Palin's Attack On Nea Draws Little Response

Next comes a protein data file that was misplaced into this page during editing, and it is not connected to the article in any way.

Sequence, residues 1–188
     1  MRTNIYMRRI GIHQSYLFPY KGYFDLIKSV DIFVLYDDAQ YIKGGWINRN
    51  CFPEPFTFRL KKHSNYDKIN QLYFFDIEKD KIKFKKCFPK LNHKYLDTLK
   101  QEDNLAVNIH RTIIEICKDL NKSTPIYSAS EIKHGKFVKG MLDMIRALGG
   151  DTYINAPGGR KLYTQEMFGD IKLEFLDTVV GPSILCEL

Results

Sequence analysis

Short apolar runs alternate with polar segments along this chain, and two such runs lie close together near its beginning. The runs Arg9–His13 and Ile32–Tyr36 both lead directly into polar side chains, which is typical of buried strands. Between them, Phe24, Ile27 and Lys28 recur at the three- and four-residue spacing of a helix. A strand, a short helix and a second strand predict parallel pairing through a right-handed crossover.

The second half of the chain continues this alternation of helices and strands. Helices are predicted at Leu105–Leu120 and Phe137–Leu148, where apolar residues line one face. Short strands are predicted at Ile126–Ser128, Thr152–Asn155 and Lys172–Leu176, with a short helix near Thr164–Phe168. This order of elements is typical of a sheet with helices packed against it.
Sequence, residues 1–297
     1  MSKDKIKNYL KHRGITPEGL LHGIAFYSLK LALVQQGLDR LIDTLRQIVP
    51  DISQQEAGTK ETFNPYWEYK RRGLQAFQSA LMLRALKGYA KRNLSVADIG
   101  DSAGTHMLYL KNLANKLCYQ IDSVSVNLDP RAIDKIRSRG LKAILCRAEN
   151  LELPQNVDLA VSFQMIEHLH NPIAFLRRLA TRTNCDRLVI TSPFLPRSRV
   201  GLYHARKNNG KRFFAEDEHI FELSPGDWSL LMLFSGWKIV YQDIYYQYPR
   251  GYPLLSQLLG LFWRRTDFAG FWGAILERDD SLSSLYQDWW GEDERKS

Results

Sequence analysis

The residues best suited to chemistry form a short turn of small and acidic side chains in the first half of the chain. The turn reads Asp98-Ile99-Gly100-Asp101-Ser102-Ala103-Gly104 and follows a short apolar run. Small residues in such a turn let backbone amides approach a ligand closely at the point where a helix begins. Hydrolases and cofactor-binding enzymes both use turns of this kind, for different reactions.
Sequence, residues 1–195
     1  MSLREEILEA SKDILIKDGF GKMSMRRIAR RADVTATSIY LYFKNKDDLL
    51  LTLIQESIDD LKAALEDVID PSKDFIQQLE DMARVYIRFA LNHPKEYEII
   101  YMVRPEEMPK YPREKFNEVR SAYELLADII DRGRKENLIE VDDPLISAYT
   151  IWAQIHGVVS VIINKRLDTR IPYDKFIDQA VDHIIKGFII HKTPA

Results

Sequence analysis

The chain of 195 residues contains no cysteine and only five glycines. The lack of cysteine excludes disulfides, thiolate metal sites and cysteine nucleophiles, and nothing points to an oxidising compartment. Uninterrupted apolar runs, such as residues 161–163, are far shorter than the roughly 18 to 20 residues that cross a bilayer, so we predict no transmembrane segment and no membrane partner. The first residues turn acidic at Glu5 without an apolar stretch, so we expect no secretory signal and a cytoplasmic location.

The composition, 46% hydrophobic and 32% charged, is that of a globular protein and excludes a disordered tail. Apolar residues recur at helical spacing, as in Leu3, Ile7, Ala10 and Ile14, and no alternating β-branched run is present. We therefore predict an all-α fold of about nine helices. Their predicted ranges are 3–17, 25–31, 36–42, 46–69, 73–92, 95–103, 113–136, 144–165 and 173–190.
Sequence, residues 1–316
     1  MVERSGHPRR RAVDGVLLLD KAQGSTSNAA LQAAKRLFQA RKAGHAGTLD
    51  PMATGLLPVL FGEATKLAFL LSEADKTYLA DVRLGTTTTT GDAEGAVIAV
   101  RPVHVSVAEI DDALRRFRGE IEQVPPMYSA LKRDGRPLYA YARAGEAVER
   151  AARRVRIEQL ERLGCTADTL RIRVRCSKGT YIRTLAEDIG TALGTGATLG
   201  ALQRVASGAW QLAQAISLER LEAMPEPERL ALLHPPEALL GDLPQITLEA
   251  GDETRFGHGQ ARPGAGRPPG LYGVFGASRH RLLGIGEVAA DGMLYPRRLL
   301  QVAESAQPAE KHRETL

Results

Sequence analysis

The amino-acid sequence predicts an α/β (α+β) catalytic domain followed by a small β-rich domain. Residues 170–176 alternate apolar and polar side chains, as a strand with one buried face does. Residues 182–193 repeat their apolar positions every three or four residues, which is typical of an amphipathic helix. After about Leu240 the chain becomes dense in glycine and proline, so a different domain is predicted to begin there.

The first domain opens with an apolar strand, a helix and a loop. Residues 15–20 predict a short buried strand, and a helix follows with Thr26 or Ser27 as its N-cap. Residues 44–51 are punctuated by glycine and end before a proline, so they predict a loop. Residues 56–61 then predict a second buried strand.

Sarah Palin's call last week for defunding the National Endowment for the Arts has remarkably drawn little response from supporters of the agency. Appearing on Fox News's Hannity, Palin described NPR, the National Endowment for the Arts, and the National Endowment for the Humanities as "frivolous things that government shouldn't be in the business of funding." On Monday, TheWrap.com published an interview with Charles Segars, CEO of the arts channel Ovation, in which he remarked, "This kind of knee-jerk, uninformed rhetoric is the stuff of cheap-shot campaign commercials" and pointed out that calls for "cuts to the NEA don't take into account the substantial return on investment those funds generate in tax revenue to local, state and federal treasuries." But Segars' remarks stood virtually alone until the Los Angeles Times on Wednesday published an article about them, observing that "debt reduction would barely be affected by penciling out the small federal arts agency, which currently operates on a $161-million annual budget. Palin's support of a federal subsidy for the notorious "bridge to nowhere" in her state became a campaign issue when she ran for vice president on the 2008 Republican ticket. That local project carried a price tag of $223 million." (The current cost of maintaining U.S. forces in Iraq comes to $435 million a day, $3 billion a week.) The Times' s commentary has been picked up by numerous websites.